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Flames @ Kings Post-Game - Karma's a Bitch


Scoring Chances

H2H Ice

As sometimes happens, the Flames were the better team last night in just about all facets of the game, but ended up on the losing end of the score. Tough to be mad about it though - Calgary has been the beneficiary of similar fortunes recently so we'll just write this one off as the universe trying to balance itself out.

Calgary won the possession battle, the scoring chance count and the shot count, but a couple of posts and some decent saves by Jonathan Quick kept the Kings out in front. That said, it was hardly a perfect contest from the guys in white and red: Adam Pardy moved up in the absence of Robyn Regehr and got his head beat in. In particular, he was frequently victimized off the rush, including Scott Parse's opening tally. Pardy typically ends up on the positive side of things in terms of chances and possession when he's restricted to the third pairing, but last night he was well under water by both metrics (-11, -5). He also took a penalty to boot. Sorry're clearly not ready for that kind of gig.

In addition, the Flames newly formed top line of Iginla, Jokinen and Dawes struggled for the second straight game. Since being formed, the trio is a combined -26 in terms of scoring chance differential, which is a rate reminiscent of the bad ol' October days where Iginla and Jokinen were getting beat up by the opposition nightly. To be fair, they faced some pretty capable bad guys the last two games (Thornton et al, Kopitar et al), but the point of going PvP is to at least try to come out even at the end of the game most nights. If not, then you just have $12M+ worth of offensive forwards chasing the puck around their own zone for an evening.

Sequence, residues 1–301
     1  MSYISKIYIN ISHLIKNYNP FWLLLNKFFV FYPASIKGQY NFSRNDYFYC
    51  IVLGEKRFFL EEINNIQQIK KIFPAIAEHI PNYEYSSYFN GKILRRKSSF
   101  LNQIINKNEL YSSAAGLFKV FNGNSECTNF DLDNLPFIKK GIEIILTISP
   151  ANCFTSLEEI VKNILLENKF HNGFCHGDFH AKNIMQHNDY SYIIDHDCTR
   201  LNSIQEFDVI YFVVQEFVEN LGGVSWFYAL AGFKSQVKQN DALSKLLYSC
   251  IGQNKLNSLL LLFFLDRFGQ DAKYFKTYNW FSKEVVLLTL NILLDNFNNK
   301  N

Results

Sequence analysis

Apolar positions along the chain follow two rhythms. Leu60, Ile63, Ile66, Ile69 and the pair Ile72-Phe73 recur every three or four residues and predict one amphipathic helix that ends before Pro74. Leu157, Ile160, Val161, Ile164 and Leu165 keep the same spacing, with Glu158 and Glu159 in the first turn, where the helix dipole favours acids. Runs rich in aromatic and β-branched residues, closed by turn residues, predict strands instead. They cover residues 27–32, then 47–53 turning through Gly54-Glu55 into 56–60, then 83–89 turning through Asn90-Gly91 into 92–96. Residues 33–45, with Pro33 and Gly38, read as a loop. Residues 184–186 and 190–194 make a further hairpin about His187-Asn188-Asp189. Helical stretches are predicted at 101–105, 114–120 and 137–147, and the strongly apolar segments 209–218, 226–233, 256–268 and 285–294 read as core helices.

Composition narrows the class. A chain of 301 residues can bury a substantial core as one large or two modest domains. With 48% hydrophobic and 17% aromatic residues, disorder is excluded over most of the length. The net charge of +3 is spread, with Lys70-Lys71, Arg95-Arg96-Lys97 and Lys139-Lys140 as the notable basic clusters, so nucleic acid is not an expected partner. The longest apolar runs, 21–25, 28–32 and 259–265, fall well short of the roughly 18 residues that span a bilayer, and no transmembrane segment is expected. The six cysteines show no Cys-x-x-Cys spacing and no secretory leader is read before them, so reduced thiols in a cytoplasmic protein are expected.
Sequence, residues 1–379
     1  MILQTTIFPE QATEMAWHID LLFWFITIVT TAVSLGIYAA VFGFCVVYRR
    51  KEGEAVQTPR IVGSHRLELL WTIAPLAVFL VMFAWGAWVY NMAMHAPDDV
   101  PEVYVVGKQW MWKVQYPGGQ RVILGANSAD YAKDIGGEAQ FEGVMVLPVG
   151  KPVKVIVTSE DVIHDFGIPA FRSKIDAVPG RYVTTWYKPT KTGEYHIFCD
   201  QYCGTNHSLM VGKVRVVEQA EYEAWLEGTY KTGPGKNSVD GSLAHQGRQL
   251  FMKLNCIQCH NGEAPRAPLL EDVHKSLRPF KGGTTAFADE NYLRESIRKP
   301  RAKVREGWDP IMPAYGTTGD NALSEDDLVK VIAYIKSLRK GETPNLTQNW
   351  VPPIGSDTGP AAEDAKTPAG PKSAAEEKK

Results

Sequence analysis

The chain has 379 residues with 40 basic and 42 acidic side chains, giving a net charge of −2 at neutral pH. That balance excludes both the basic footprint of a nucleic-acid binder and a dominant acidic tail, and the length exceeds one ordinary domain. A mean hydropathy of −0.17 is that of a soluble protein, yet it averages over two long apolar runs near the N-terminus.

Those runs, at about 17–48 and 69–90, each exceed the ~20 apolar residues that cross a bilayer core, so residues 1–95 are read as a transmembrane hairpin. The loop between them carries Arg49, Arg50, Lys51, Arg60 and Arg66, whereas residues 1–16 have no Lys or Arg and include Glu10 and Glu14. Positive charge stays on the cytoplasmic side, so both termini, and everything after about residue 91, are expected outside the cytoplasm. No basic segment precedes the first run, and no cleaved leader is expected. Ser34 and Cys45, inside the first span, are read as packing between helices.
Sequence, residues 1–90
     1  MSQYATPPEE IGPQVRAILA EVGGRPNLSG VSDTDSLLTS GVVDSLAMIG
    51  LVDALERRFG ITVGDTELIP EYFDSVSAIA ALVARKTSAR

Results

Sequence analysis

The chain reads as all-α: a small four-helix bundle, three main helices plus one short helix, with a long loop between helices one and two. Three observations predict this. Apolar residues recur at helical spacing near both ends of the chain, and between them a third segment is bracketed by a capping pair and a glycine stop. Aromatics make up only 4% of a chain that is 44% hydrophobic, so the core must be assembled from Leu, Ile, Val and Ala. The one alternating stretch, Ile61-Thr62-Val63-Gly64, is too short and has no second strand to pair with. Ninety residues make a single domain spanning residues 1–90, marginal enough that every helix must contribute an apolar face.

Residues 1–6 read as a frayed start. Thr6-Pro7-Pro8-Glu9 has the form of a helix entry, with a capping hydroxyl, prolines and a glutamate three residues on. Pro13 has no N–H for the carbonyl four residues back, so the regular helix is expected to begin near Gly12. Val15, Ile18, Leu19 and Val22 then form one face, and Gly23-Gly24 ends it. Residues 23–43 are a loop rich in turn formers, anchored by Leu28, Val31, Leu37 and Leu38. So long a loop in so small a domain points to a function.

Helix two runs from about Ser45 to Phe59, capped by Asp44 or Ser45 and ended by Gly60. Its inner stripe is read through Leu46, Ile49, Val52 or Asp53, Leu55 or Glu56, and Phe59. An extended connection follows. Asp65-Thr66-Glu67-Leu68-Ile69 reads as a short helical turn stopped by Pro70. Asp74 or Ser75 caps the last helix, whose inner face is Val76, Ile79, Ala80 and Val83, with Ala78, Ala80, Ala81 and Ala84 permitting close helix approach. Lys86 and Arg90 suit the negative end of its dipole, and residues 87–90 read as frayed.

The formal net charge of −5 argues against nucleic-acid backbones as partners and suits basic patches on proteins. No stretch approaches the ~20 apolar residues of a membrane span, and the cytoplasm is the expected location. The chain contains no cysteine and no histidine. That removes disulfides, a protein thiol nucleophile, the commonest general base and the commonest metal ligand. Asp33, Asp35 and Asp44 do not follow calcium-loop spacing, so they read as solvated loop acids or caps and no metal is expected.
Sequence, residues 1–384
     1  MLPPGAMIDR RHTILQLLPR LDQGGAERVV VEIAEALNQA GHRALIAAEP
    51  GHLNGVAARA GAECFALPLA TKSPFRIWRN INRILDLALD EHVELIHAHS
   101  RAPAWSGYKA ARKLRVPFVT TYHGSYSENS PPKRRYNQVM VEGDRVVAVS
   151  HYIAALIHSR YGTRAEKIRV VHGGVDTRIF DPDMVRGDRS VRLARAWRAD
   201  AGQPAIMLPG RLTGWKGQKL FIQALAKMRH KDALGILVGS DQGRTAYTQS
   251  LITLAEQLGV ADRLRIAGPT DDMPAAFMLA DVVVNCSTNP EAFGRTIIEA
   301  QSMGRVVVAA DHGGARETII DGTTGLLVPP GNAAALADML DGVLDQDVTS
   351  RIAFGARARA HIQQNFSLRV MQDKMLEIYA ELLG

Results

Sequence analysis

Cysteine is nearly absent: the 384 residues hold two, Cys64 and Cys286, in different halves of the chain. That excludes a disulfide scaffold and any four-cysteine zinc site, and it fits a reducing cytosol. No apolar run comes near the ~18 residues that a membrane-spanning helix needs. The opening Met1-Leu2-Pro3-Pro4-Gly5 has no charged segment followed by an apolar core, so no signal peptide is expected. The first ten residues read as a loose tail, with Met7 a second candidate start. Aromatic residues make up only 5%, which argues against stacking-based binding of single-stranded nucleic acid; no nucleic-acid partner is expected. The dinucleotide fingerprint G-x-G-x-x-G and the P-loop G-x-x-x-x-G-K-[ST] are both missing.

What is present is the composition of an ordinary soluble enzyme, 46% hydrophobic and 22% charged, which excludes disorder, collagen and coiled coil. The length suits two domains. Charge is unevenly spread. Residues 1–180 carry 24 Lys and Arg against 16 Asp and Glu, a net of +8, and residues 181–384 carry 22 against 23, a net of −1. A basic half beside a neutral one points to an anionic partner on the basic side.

Which brings me to the ever rotating cast of left wingers for that unit - I've resigned myself to the fact that the Flames organization has collectively decided that Iginla and Jokinen have to play together (apologies to Mike Keenan, whom I blamed this exclusively on last season), but the fact of the matter is, outside of periods where Iginla is shooting lights out, that combination is going to need some help to get the job done; especially if Brent is going to send them out against the Thorntons and Kopitars of the world. The natural choice is Rene Bourque, who is doubtlessly the best LW on the Flames roster. Bourque's audition on the first line was rather inauspicious (loss to PHX), although that unit did manage to outchance their counter-parts on the evening - something that hasn't occured since Bourque was moved to Langkow's line and Dawes was elevated. Granted, the level of competition between the PHX game and the following two contests isn't congruous, but I think it's been shown pretty conclusively that Bourque is a strong ES forward who can play against anyone and move the puck in the right direction.

As such, I find the decision making about this situation curious: in Bourque's absence, the Dawes-Langkow-Moss combination held their own. Bourque returns, makes a brief appearance on the first unit and then is "demoted" in favor of an obviously inferior option (no disrepect to Dawes, whom I like - he's just clearly in over his head). Any talk of "balancing the top 6" here is untenable: not only was the Langkow/Dawes/Moss trio operating at an acceptable clip previously, but the Flames first line sees the toughest match-ups. Iginla and Jokinen should therefore play with the best LW option available - otherwise you're just throwing them in the deep end of the pool and tossing them an anchor. And it's not like Olli Jokinen is the best swimmer anyways.